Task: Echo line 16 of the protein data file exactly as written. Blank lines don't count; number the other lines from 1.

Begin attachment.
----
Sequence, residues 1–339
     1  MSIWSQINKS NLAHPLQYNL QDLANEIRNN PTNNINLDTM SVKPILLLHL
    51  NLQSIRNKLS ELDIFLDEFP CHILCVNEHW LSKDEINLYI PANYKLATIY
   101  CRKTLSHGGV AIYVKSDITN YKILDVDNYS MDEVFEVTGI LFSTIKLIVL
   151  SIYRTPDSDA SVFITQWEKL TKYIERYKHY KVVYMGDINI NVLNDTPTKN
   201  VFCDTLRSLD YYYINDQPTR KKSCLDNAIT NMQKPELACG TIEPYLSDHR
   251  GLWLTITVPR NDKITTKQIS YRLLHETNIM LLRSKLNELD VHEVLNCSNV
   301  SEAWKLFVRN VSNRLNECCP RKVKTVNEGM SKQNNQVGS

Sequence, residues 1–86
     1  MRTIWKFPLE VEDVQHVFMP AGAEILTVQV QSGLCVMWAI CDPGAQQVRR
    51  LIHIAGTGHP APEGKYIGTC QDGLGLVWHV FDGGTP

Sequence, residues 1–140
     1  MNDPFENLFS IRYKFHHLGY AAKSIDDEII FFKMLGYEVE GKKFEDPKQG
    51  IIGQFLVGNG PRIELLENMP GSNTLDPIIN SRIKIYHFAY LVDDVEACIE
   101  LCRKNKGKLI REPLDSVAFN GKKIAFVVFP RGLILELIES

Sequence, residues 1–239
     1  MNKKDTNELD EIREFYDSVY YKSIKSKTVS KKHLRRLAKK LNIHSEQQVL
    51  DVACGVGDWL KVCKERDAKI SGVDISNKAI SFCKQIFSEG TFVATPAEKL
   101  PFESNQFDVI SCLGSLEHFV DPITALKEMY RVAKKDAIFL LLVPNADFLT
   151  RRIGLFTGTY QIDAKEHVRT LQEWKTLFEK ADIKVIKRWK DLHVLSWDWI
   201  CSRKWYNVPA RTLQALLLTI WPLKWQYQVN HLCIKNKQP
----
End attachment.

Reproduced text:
Sequence, residues 1–239